The extraordinary potency of Marlene Dumas's best work lies in her skill at mediating and refining the original source of an image without removing any of the detail to make it somehow palatable to the viewer. Working largely from photographic imagery, found and made, she subverts the camera's fixing gaze through the subjectivity of her aesthetic eye, endowing each work with an emotional and carnal force. In Handy, for example, the baldly vulgar yet vulnerable pose of the woman is made frighteningly seductive by Dumas's loose brush strokes and hallucinatory palette. The obvious painterly-ness of the work is deliberately at odds with its unambiguously suggestive title, provocatively exploiting the inevitable sense of guilty pleasure mixed with unease and even disgust prompted in the viewer. Yet Dumas is very clear about her tactics here: the sexually explicit material she uses as bases for her painting are taken from the sleaziest, calling cards in phone boxes end of the marked: "I use all the cheap tricks of attracting attention: eyes looking at you, sexual parts exposed or deliberately covered. The primitive pull of recognition" she has said. "My art is situated between the pornographic tendency to reveal everything and the erotic inclination to hide what it's all about."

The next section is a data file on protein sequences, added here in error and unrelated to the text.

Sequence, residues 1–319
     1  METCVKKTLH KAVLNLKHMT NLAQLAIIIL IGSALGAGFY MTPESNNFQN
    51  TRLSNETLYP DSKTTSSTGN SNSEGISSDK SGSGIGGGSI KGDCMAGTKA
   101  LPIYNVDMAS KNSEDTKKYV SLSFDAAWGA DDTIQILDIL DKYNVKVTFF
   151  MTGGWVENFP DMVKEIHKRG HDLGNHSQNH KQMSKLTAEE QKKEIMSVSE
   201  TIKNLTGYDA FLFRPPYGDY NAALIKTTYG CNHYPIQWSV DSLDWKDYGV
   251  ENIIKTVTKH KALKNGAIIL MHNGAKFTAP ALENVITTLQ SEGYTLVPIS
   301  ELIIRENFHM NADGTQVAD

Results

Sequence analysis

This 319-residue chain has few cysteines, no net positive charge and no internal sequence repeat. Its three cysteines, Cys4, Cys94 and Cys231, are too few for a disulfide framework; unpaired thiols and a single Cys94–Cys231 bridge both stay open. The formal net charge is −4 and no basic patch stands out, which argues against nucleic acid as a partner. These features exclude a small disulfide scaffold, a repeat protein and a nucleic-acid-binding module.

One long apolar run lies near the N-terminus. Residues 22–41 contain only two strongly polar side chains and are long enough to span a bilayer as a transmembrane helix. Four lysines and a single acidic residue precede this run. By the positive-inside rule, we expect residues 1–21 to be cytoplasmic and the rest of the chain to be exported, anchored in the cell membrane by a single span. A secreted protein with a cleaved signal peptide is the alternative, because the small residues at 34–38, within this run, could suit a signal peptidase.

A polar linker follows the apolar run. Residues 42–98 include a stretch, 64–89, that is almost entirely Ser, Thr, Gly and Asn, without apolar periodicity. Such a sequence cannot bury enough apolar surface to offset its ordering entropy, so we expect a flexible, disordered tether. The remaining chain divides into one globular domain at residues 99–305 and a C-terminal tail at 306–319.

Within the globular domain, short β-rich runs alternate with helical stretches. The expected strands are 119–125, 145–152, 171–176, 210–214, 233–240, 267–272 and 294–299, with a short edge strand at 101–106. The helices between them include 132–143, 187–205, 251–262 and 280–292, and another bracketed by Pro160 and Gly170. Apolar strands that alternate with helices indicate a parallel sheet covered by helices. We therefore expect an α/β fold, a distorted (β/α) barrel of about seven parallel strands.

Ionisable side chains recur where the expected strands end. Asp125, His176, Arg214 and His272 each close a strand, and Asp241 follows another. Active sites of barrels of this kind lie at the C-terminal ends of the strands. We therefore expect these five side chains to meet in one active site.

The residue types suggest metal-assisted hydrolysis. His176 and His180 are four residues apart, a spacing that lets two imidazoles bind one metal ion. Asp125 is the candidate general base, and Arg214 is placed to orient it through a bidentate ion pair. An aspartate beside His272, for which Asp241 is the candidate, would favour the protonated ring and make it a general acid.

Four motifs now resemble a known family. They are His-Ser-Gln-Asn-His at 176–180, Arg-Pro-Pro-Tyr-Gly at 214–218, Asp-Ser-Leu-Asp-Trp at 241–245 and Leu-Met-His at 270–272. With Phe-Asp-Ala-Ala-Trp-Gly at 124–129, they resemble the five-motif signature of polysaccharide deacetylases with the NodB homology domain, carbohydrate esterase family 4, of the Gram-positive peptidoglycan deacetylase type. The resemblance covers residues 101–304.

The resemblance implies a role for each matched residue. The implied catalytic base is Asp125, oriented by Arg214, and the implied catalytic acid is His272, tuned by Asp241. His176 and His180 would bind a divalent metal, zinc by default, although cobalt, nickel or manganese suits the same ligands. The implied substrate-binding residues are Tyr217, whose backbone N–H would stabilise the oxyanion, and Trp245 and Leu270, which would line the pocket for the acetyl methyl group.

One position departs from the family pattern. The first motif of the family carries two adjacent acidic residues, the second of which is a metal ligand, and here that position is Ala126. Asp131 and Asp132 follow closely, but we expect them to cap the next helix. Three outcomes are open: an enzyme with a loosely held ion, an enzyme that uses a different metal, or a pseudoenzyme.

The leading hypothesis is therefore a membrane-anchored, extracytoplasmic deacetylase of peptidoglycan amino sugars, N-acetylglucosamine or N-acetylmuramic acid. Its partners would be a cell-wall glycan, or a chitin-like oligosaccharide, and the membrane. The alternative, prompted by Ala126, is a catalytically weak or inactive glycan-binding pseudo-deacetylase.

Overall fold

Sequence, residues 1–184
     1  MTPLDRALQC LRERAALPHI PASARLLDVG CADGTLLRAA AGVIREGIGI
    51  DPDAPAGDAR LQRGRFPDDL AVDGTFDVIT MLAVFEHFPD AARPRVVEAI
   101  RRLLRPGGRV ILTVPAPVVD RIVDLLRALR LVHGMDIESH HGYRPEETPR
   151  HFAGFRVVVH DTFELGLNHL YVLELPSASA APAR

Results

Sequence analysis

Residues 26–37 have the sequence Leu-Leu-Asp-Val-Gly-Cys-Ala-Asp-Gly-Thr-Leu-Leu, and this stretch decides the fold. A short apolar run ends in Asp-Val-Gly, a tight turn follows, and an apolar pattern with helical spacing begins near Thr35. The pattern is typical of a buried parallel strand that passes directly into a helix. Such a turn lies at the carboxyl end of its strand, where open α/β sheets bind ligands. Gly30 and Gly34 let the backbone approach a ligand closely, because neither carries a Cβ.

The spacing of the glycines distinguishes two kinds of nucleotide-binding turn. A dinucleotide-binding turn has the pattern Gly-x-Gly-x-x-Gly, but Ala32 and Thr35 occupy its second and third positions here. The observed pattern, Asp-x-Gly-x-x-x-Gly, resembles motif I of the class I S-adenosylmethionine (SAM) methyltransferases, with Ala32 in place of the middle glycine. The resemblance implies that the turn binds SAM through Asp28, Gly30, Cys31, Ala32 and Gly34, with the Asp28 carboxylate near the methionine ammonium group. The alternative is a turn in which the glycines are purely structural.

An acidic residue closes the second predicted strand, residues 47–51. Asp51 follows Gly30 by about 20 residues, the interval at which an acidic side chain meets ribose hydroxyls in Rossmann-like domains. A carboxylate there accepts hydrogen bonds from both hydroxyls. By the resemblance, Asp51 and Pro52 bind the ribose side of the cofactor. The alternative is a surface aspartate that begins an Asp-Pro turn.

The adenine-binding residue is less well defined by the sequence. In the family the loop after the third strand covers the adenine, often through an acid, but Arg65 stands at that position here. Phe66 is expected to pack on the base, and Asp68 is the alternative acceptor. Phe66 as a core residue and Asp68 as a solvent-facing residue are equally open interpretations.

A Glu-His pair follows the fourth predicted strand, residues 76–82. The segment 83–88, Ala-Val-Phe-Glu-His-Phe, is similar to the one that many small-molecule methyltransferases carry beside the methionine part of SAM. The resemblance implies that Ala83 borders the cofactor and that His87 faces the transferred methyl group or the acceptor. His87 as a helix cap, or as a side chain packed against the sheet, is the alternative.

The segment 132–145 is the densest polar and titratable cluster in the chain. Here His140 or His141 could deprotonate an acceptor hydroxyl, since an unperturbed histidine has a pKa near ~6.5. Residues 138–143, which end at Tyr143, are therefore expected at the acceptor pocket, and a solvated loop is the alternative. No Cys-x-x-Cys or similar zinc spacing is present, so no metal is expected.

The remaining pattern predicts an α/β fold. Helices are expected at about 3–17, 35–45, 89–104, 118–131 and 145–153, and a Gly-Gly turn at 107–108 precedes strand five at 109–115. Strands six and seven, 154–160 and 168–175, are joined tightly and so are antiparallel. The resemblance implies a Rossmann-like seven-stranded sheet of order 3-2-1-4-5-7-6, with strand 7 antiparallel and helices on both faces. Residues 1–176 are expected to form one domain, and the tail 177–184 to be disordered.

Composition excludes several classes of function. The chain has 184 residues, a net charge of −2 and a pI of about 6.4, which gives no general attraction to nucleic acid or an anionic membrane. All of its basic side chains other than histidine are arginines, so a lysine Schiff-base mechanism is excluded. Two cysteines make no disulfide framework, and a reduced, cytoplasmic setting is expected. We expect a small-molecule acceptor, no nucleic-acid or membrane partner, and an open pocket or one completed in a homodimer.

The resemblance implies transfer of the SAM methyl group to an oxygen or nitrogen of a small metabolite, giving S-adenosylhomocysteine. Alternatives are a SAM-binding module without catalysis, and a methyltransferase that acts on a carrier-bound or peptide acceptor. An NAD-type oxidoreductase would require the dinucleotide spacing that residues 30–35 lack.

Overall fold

Dumas's unapologetic positioning of her work in this way underlines her profound interest in the line where public stops and private begins but also reveals a tension in the artist's own view of gender, voyeurism and the very act of painting.